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Even with the Aurora aircraft’s misted‑methane propulsion system at half power, the Delta Force was hurtling through the night at three times the speed of sound‑over two thousand miles an hour. The repetitive throb of the Pulse Detonation Wave Engines behind them gave the ride a hypnotic rhythm. A hundred feet below, the ocean churned wildly, whipped up by the Aurora’s vacuum wake, which sucked fifty‑foot rooster tails skyward in long parallel sheets behind the plane.

This is the reason the SR‑71 Blackbird was retired, Delta‑One thought.

The Aurora was one of those secret aircraft that nobody was supposed to know existed, but everyone did. Even the Discovery channel had covered Aurora and its testing out at Groom Lake in Nevada. Whether the security leaks had come from the repeated “skyquakes” heard as far away as Los Angeles, or the unfortunate eyewitness sighting by a North Sea oil‑rig driller, or the administrative gaffe that left a description of Aurora in a public copy of the Pentagon budget, nobody would ever know. It hardly mattered. The word was out: The U.S. military had a plane capable of Mach 6 flight, and it was no longer on the drawing board. It was in the skies overhead.

Built by Lockheed, the Aurora looked like a flattened American football. It was 110 feet long, sixty feet wide, smoothly contoured with a crystalline patina of thermal tiles much like the space shuttle. The speed was primarily the result of an exotic new propulsion system known as a Pulse Detonation Wave Engine, which burned a clean, misted, liquid hydrogen and left a telltale pulse contrail in the sky. For this reason, it only flew at night.

Tonight, with the luxury of enormous speed, the Delta Force was taking the long way home, out across the open ocean. Even so, they were overtaking their quarry. At this rate, the Delta Force would be arriving on the eastern seaboard in under an hour, a good two hours before its prey. There had been discussion of tracking and shooting down the plane in question, but the controller rightly feared a radar capture of the incident or the burned wreckage might bring on a massive investigation. It was best to let the plane land as scheduled, the controller had decided. Once it became clear where their quarry intended to land, the Delta Force would move in.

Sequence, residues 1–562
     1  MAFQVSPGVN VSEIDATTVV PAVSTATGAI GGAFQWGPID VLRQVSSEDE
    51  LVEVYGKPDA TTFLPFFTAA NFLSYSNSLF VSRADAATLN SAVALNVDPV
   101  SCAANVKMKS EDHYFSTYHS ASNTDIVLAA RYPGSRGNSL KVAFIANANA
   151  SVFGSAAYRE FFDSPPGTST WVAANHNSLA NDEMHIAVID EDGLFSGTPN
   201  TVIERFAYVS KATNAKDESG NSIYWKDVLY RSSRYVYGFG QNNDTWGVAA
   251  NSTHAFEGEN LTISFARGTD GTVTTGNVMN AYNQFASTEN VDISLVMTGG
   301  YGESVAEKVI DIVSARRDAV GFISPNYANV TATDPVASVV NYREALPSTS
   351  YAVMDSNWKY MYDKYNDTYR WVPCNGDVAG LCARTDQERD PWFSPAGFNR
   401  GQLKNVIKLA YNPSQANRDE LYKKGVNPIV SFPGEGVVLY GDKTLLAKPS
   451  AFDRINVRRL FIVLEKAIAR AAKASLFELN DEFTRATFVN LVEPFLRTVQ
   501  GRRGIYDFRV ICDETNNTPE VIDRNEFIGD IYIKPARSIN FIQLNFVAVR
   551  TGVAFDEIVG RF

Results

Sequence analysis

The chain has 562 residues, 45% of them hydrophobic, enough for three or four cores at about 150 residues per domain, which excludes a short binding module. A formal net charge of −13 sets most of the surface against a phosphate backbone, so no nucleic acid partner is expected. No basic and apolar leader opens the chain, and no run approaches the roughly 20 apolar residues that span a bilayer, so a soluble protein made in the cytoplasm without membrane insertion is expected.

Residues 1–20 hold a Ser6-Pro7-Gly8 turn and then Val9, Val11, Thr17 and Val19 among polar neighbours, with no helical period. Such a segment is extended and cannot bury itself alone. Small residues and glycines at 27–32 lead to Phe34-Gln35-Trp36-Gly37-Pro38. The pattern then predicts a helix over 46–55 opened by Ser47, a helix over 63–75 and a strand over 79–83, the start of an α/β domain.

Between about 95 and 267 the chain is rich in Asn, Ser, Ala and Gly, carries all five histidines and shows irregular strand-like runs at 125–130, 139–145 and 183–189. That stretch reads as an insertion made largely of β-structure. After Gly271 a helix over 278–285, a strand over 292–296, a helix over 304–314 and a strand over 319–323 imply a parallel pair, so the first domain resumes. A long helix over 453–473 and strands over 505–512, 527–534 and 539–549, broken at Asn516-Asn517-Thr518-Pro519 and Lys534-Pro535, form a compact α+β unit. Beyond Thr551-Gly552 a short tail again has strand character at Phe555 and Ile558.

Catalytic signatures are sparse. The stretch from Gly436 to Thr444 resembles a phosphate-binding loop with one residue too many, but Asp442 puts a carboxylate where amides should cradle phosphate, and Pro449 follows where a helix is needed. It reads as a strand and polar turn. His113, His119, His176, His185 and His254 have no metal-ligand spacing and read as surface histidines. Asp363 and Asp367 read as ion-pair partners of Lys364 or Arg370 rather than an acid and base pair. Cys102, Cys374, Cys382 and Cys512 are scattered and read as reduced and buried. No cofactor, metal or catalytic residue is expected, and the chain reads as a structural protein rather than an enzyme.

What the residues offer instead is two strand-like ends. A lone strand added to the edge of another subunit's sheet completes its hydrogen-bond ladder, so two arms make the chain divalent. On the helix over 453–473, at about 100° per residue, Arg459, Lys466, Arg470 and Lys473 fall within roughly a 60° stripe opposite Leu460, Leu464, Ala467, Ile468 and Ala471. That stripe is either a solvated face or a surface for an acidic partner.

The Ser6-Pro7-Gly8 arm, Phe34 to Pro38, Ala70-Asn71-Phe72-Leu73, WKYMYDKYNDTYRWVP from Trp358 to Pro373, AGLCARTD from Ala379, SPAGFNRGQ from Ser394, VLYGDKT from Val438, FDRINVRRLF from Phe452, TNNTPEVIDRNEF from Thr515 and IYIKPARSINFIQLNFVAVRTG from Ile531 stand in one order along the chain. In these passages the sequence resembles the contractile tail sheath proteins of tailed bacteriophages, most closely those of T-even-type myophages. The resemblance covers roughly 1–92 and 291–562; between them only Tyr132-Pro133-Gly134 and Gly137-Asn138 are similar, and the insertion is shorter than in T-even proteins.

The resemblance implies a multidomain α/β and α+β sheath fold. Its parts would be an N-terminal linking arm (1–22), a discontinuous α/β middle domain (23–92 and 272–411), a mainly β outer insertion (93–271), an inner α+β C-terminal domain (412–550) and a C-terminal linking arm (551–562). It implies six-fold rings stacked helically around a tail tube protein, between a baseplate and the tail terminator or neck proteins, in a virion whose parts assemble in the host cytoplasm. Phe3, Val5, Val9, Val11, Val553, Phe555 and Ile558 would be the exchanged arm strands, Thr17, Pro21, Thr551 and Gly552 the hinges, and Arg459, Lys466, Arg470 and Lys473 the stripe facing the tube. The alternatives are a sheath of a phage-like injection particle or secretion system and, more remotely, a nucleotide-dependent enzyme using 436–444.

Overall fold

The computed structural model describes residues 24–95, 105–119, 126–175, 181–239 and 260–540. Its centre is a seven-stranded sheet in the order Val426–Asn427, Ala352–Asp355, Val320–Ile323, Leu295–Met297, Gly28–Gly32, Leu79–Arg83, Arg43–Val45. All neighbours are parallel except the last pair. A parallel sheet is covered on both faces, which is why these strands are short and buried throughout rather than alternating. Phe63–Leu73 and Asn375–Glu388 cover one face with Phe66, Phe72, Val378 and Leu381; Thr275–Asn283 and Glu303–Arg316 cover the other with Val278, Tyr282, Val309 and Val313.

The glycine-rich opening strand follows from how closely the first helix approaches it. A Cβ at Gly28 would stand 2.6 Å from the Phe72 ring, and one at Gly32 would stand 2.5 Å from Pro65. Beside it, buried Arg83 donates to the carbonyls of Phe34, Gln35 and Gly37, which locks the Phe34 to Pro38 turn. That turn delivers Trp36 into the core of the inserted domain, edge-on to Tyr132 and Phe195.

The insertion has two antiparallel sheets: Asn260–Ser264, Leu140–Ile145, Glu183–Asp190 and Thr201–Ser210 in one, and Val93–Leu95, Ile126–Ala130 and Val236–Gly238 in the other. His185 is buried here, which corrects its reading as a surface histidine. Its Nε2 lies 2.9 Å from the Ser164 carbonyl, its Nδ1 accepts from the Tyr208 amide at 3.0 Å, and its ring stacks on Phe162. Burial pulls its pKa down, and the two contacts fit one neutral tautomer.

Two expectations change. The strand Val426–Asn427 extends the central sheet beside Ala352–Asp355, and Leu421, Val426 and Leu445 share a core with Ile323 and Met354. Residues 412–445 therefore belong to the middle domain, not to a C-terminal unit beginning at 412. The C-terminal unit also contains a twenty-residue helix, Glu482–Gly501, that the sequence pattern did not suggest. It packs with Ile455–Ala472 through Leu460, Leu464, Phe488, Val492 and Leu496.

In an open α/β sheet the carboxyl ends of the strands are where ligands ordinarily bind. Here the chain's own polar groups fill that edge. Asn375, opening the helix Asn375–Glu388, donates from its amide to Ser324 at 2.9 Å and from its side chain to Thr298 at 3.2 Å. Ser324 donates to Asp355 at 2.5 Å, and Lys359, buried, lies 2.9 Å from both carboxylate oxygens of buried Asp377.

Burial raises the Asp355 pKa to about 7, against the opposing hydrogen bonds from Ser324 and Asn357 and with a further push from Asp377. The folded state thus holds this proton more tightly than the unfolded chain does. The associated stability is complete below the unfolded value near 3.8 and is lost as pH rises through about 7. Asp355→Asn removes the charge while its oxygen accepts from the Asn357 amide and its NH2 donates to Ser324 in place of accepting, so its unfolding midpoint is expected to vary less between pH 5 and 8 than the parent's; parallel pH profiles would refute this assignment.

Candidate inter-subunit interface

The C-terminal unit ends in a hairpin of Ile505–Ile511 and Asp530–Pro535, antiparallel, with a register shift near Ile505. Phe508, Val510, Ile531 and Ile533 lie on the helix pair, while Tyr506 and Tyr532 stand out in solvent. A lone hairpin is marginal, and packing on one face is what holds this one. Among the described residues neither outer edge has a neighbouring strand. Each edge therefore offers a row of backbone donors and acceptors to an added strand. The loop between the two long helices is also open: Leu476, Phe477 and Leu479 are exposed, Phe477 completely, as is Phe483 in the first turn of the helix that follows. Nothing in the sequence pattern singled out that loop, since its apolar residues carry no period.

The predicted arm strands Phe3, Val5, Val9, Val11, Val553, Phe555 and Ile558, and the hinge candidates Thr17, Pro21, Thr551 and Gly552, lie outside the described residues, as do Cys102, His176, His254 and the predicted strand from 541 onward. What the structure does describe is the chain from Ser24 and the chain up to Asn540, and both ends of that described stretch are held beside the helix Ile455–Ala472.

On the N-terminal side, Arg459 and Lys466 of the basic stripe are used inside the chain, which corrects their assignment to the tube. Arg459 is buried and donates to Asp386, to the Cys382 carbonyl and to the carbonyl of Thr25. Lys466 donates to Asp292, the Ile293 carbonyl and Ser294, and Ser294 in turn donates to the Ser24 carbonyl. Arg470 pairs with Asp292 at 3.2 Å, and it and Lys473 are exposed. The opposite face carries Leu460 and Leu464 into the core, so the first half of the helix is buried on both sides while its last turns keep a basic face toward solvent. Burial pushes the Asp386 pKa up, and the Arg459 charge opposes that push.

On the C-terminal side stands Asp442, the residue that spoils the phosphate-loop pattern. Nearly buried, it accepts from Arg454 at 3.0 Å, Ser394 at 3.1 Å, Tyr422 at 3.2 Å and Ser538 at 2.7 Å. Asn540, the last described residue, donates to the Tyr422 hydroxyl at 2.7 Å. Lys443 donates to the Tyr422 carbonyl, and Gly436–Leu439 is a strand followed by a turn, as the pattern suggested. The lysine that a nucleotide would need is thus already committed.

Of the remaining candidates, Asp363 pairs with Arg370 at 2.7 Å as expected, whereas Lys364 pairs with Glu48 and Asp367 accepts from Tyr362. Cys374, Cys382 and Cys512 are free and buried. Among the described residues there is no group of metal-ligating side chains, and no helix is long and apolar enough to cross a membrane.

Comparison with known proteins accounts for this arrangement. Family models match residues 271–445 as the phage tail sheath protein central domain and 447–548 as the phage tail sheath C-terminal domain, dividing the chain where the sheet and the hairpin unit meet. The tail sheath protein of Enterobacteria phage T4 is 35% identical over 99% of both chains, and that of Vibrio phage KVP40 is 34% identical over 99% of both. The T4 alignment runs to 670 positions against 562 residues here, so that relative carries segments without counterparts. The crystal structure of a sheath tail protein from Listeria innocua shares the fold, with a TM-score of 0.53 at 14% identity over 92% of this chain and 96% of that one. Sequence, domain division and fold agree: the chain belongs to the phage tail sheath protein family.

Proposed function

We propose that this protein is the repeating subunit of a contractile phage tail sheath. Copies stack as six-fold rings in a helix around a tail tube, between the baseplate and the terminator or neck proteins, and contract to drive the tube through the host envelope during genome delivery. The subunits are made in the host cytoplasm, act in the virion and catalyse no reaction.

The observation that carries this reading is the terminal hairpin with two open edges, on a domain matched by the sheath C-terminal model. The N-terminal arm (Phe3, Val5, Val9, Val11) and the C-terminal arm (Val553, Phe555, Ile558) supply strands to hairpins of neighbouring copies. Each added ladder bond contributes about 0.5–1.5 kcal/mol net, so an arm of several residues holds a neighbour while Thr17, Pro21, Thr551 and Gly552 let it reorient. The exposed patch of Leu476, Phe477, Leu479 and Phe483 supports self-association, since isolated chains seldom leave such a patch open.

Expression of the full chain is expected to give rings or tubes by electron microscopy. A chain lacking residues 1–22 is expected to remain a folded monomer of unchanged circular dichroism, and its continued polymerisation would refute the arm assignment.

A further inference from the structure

Now, as Aurora streaked over the desolate Labrador Sea, Delta‑One’s CrypTalk indicated an incoming call. He answered.

“The situation has changed,” the electronic voice informed them. “You have another mark before Rachel Sexton and the scientists land.”

Another mark. Delta‑One could feel it. Things were unraveling. The controller’s ship had sprung another leak, and the controller needed them to patch it as fast as possible. The ship would not be leaking, Delta‑One reminded himself, if we had hit our marks successfully on the Milne Ice Shelf. Delta‑One knew damn well he was cleaning up his own mess.

“A fourth party has become involved,” the controller said.

“Who?”

The controller paused a moment‑and then gave them a name.

The three men exchanged startled looks. It was a name they knew well.

No wonder the controller sounded reluctant! Delta‑One thought. For an operation conceived as a “zero‑casualty” venture, the body count and target profile was climbing fast. He felt his sinews tighten as the controller prepared to inform them exactly how and where they would eliminate this new individual.

“The stakes have increased considerably,” the controller said. “Listen closely. I will give you these instructions only once.”